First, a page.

• Social media experiences are not optimized for brands to grow a community or a favourable engaging environment;
  • Brands are guests and not owners on these social channels, so they are at the whim of the platforms;
  • Brands have no control over the flow and content on these platforms;
  • Brands are affected by the changes social media platforms make with no warning and no control over them, which can be hugely detrimental for business:
  • Available data is extremely limited and dependent on the metrics each specific platform tracks.

All of this means that the ability to reach and engage with audiences is becoming increasingly difficult and expensive.


So what’s the answer? Brands Should Create Their Own Social Networks.

Brands are no longer islands; instead, they are bolstered by their customers, fans, and loyal communities.

These are the people that shout about a brand from the rooftops, recommend it to their friends and family, and join together to create a solid group of like-minded people.

As a result, brands gain a competitive edge and generate free marketing for themselves through user generated content, reviews, and word-of-mouth tactics. These are all incredibly powerful tools in the buying cycle: 84% of people are more likely to trust a referral from a friend, while 97% of online shoppers read reviews before they make a purchase.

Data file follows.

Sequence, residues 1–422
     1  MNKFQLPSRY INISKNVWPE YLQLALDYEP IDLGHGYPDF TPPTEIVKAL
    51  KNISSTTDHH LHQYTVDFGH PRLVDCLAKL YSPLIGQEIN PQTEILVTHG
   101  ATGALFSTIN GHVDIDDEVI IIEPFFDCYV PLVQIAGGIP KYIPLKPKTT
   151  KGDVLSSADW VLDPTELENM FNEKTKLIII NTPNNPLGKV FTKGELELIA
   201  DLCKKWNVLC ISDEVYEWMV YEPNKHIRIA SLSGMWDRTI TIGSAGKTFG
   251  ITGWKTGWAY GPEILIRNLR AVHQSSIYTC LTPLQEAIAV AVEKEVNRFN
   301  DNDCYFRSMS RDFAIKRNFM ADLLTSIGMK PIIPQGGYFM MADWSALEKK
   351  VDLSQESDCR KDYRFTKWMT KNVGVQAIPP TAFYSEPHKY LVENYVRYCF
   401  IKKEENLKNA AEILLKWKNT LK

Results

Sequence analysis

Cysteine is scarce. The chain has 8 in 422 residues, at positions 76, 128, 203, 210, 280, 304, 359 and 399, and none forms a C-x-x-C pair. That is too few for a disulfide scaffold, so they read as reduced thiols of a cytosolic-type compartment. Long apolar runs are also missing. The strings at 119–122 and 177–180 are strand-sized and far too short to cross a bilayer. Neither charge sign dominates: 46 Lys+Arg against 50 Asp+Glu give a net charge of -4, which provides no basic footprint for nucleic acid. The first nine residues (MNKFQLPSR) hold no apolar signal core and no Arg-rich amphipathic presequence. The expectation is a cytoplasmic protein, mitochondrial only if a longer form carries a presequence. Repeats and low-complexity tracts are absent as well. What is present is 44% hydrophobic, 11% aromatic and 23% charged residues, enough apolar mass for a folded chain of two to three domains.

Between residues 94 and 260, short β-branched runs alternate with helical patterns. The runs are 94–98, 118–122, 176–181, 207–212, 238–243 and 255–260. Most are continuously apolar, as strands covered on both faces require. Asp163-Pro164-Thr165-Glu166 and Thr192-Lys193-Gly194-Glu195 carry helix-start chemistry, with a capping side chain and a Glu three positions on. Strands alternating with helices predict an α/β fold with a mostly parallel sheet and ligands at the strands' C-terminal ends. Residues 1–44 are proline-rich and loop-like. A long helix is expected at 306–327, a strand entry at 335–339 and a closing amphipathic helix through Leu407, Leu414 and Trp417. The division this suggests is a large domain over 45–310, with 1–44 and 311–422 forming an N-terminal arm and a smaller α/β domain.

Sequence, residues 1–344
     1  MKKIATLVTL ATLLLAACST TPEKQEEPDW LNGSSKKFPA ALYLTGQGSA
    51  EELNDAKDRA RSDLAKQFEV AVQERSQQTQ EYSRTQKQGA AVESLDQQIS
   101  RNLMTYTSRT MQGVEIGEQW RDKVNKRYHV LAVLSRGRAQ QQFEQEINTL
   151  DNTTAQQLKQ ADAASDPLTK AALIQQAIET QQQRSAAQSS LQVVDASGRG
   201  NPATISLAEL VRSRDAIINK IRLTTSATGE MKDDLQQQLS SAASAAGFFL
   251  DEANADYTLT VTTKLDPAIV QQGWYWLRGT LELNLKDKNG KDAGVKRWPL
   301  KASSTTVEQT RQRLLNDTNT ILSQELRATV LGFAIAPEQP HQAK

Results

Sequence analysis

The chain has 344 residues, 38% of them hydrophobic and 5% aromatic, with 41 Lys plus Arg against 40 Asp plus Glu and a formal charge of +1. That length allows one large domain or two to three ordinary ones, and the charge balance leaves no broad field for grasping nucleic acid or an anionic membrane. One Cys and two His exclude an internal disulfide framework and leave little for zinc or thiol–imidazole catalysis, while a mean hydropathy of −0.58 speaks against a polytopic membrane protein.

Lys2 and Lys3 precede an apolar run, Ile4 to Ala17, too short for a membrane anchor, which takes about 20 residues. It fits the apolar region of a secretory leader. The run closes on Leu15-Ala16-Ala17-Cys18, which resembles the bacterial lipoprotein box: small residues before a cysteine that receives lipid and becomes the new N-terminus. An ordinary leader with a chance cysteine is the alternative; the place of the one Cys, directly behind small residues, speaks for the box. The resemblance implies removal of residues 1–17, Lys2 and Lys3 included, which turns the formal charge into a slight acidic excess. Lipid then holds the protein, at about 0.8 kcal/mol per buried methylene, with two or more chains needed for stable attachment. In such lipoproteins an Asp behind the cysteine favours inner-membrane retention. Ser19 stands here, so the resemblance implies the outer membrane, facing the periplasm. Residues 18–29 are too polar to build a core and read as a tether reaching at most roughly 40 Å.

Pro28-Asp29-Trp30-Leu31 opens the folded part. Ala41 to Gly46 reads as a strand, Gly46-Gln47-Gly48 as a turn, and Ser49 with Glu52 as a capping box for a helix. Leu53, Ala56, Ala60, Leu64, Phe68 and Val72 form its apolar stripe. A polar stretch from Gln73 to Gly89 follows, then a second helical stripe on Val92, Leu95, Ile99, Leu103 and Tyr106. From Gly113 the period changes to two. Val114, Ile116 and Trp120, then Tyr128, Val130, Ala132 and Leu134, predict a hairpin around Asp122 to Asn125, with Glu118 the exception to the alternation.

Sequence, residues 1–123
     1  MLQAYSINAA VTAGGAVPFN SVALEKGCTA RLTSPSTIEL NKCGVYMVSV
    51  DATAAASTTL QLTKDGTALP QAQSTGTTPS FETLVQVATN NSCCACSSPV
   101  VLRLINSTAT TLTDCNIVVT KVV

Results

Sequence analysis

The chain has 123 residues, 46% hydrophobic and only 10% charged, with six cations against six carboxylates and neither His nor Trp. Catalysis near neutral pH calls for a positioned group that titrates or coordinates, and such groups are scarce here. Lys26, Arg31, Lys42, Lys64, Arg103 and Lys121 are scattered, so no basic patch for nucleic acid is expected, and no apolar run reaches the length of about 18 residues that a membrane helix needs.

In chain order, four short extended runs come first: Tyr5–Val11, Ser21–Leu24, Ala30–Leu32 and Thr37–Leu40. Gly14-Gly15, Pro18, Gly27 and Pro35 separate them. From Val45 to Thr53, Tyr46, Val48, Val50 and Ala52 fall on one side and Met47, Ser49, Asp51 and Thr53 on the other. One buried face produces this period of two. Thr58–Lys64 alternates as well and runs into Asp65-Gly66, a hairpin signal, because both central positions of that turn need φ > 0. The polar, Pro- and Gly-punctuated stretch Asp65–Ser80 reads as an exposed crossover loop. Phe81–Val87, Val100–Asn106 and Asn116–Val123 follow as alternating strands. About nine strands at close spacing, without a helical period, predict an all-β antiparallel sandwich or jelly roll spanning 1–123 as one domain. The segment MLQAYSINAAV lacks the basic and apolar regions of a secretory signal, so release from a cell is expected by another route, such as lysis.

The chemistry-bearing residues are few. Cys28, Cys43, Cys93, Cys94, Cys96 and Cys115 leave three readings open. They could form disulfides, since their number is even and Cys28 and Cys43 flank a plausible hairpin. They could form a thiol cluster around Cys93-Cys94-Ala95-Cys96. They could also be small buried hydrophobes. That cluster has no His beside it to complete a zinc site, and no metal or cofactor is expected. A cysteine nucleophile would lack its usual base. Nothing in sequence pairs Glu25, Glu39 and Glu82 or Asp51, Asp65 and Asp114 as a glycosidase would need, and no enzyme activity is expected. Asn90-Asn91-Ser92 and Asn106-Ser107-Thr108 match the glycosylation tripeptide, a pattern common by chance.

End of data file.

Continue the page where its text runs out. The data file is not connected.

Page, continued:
Consumers today lean towards brands that they can relate to and that share the same values as them. This not only builds trust, but it turns one-off customers into lifelong fans. According to a study by Accenture, two-thirds of customers will spend more on brands to which they are loyal.

This is why there’s no better time for brands to build their own social networks.

Doing so allows them to nurture a community of customers in a private space that isn’t at the mercy of ever-changing algorithms.

Of course, this wouldn’t mean competing with the likes of Instagram, Facebook, and Twitter in a bid to reach everyone.

Instead, a personal social network will allow brands to foster a dialogue with their target audience and improve customer relationships without worrying about whether posts are showing up or whether they’re going to lose their list of followers overnight.

There are a number of big benefits that brands will reap by creating their own social network:

  • it can enhance successful social communities;
  • it can create a buzz around their brand and encourage consumers to get involved in the discussion;
  • it can build profitable interactions with  customers, employees, and fans;
  • it can generate better and more aligned analytics;
  • it means brands will have access to their people all the time;
  • it can be customized in a way that’s most beneficial for each individual brand’s audience;
  • it gives brands a deeper understanding of customer needs and desires.

Sports brand Nike is a stand out example of a brand that has created and nurtured an active community of fitness enthusiasts with their “Take a Run With Nike+” community.